Last time I shared news about Intertech’s new philanthropic focus on science and technology learning. I also mentioned the new $2,500 scholarship being funded by the Intertech Foundation for an aspiring computer science freshman college student. And I promised to delve more deeply into the topic of computer science careers.
First, some facts:
- Nine out of the 10 “Best Jobs for 2014” fell into the STEM category (science, technology, engineering and math), according to CareerCast.com and JobsRated.com
- Software engineer and computer systems analyst ranked 7th and 8th with midlevel income listed as $93,350 and $79,680 respectively. Among the reasons for their high rank: low stress, great work environment and positive job outlook.
- If these jobs are among the best paying, with the lowest stress and strongest job outlook, why is there a shortage of qualified programmers for companies like Intertech to hire?
Now for the truly weird part, at least to me! According to recent news reports, there is no lack of qualified people to fill these jobs—software engineers in particular.
“What STEM Shortage?”, an article in the National Review (5/20/14), states that “the sector isn’t seeing wage growth and has more graduates than jobs.” This article cites reports by the Economic Policy Institute, The RAND Corporation, the Urban Institute and the National Research Council. The Atlantic magazine also has a piece this month, “The Myth of the Science and Engineering Shortage,” that bears checking out.
It’s difficult to argue with such formidable sources, but it’s also hardly a secret that there’s a shortage of outstanding software engineers in Minnesota. Intertech employs several full-time recruiters who beat the proverbial bushes with vigor to find and engage them. We also work hard to be a great place to work and have received three awards this year alone validating our efforts. But still we struggle to find enough high caliber people to fill these excellent positions.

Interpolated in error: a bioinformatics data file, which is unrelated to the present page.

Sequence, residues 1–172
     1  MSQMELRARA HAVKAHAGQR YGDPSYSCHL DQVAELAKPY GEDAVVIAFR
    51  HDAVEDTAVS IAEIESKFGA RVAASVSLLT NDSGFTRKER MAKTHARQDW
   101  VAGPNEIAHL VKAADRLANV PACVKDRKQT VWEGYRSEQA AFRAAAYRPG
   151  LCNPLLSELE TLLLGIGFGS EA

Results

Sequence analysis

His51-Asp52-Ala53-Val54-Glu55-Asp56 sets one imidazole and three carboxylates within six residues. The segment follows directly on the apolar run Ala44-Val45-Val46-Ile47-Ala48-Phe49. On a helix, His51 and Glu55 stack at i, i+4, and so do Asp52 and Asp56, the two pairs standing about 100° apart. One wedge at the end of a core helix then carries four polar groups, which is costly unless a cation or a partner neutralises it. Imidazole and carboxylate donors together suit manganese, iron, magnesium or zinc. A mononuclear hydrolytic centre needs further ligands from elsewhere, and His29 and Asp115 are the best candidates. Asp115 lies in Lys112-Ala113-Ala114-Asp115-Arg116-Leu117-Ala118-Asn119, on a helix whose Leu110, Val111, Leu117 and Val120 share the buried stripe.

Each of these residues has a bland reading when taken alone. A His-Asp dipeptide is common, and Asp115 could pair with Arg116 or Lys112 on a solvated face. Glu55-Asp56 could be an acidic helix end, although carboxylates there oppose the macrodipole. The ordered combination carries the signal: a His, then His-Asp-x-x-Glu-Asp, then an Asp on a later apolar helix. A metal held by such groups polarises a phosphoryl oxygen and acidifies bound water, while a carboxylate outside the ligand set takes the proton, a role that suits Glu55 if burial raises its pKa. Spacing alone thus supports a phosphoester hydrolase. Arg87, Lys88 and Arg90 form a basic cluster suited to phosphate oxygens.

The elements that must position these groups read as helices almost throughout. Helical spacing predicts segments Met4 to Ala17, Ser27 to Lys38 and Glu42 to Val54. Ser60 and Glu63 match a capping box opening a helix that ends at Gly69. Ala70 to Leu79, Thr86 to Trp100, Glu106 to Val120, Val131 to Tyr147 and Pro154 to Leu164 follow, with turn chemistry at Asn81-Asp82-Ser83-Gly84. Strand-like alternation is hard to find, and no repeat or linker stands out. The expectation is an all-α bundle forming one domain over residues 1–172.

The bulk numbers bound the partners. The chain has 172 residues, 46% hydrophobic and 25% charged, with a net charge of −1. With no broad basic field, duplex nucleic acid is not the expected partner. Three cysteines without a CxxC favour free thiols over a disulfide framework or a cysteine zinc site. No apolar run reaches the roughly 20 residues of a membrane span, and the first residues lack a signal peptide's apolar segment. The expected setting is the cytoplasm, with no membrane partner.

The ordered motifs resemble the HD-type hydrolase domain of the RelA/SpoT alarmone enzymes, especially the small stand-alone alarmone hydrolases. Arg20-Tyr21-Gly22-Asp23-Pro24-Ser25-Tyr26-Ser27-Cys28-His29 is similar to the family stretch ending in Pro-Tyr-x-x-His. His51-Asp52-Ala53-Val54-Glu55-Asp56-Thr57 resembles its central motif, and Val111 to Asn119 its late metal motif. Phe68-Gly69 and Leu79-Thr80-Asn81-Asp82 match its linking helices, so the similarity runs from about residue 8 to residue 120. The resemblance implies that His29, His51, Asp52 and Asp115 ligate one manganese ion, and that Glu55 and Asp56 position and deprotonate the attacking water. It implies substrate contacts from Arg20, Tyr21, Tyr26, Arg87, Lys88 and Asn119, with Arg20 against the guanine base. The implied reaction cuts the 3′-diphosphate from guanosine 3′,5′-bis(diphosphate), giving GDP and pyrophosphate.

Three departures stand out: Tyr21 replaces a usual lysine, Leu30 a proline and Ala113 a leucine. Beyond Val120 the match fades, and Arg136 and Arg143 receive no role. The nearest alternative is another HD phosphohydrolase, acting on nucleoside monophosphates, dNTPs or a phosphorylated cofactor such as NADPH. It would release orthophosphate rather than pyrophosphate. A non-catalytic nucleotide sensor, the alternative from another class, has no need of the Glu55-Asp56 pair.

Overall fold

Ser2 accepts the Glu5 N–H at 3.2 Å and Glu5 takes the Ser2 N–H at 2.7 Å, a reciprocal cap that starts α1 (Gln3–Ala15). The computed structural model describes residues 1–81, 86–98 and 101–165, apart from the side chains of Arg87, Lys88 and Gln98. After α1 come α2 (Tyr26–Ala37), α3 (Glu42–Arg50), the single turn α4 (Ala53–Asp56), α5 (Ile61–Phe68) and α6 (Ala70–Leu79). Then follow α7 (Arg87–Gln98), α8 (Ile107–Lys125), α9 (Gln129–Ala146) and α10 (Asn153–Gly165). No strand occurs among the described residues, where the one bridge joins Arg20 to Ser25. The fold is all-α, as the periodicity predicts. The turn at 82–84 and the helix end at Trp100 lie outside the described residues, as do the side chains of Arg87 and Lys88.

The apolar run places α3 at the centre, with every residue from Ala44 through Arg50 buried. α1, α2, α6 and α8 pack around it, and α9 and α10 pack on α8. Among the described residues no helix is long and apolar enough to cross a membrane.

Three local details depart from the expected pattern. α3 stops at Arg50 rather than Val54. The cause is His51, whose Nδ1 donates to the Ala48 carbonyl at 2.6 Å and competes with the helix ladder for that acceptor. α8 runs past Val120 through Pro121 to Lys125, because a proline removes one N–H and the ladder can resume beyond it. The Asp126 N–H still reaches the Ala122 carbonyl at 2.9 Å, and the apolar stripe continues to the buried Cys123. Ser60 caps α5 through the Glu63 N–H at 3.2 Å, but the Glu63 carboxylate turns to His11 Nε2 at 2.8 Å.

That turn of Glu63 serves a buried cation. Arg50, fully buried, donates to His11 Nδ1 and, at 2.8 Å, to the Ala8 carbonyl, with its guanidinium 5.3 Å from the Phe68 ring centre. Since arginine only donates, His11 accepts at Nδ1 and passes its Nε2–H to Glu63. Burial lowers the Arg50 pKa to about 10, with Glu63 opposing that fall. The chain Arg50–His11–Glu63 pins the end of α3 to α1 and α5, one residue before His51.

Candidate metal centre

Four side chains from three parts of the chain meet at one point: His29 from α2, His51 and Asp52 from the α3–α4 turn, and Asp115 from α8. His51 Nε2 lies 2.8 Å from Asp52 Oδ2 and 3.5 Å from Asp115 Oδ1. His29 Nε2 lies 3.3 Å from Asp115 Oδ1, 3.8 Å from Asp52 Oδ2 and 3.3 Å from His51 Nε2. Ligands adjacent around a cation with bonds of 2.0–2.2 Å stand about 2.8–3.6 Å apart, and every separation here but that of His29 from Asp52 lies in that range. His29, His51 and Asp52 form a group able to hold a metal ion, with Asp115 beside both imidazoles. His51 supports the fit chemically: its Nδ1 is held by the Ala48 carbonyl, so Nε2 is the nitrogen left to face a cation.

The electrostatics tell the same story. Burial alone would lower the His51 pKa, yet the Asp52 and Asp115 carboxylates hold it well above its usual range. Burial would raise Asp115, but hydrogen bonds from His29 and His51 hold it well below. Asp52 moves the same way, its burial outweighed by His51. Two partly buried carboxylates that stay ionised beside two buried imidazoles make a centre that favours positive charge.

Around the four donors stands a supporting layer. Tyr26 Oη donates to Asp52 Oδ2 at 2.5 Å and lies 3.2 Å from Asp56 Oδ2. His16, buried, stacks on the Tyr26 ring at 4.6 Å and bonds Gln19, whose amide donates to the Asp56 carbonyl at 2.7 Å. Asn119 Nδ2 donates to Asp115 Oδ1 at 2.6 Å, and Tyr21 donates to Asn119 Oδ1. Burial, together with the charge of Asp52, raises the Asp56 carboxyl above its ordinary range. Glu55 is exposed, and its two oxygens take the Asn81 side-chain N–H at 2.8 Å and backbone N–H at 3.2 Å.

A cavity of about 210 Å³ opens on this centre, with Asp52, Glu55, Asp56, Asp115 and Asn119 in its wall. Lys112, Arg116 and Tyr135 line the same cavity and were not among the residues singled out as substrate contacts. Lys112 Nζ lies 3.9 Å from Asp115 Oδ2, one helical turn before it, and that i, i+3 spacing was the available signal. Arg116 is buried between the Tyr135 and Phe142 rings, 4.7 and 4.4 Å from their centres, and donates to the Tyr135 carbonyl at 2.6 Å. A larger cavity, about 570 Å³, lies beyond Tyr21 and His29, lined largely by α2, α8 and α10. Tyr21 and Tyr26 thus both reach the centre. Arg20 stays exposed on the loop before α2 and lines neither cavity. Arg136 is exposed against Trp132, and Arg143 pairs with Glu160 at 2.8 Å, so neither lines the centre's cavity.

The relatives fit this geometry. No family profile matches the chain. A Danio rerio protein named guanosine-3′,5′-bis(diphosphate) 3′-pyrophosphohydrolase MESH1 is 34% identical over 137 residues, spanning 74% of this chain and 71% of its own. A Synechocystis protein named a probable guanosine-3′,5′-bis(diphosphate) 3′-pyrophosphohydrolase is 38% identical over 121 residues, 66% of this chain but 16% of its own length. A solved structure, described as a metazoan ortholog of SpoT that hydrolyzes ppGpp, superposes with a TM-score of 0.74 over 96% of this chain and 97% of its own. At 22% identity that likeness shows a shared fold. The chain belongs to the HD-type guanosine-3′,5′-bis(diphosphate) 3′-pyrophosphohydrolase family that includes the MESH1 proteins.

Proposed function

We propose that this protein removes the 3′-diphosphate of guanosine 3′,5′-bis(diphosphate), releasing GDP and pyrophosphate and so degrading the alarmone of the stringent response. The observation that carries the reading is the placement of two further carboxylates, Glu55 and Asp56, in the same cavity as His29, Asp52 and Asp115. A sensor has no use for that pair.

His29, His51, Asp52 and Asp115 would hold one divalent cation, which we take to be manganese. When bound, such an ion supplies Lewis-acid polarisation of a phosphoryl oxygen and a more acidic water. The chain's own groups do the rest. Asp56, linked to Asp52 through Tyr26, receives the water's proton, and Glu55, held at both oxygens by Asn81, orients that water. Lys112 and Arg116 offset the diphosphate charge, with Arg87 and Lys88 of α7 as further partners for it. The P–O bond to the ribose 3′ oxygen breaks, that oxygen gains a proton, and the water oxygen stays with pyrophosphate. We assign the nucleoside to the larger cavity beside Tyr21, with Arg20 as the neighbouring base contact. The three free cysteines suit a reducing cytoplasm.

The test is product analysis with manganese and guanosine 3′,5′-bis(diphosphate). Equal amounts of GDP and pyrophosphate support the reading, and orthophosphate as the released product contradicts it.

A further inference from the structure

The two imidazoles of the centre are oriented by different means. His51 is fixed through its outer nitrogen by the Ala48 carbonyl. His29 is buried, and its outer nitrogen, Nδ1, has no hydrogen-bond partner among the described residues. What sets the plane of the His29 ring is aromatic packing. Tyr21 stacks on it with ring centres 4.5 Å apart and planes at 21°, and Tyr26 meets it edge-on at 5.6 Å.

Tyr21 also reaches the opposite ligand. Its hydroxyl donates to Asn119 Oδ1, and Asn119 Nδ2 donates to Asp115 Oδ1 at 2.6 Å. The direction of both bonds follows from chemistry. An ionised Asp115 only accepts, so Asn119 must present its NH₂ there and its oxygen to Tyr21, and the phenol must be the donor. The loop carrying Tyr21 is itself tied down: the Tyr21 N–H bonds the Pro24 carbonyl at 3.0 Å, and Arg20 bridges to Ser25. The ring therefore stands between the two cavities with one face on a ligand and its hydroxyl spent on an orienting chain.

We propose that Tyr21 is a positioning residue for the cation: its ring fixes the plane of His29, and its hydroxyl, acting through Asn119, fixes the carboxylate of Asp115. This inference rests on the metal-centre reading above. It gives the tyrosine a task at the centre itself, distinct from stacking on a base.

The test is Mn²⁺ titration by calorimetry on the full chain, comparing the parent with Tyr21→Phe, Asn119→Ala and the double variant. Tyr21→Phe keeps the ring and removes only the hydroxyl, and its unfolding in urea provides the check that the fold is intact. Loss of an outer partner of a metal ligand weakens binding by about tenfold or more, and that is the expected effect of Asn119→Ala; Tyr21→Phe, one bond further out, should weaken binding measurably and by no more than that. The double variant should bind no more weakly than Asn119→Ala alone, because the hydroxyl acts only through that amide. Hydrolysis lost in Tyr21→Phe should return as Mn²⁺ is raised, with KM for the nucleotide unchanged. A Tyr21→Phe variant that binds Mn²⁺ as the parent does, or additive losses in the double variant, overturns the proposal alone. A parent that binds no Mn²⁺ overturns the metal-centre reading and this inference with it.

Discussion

Could the disconnect be due to our high expectations? Simply having a degree in a STEM-related field does not automatically qualify someone to work here. I suspect this is true at other companies in Minnesota as well. This is why our new scholarship has some unusual criteria for someone interested in computer science, including:
- A one-page essay describing how the student hopes to participate in the professional software development industry.
- Two letters of recommendation, including at least one from a science or math teacher who knows the student well.
- A resume describing academic, extracurricular and employment experience.
- Description of any involvement in the FIRST Robotics program (not a requirement but it does mean extra points in our scoring process).
Why all the hoops if the student has good grades, a strong GPA and interest in programming? We want to cultivate well-rounded professionals who not only understand how to code, but also can communicate verbally and in writing. We want to hire people who can work with others and are not afraid to raise their hand and get involved. In other words, we want leaders with strong technical skills.
That’s a tall order but if we don’t set the bar high, who will? Some have opined that cultivating U.S. students with strong technology and leadership skills not only has implications for workforce development, but also for national security concerns and immigration policy. I’ll leave those global issues to the think-tank leaders to sort out, even as I remain passionately committed to the development of the next generation of technology leaders. Our clients expect the best and we intend to keep delivering it!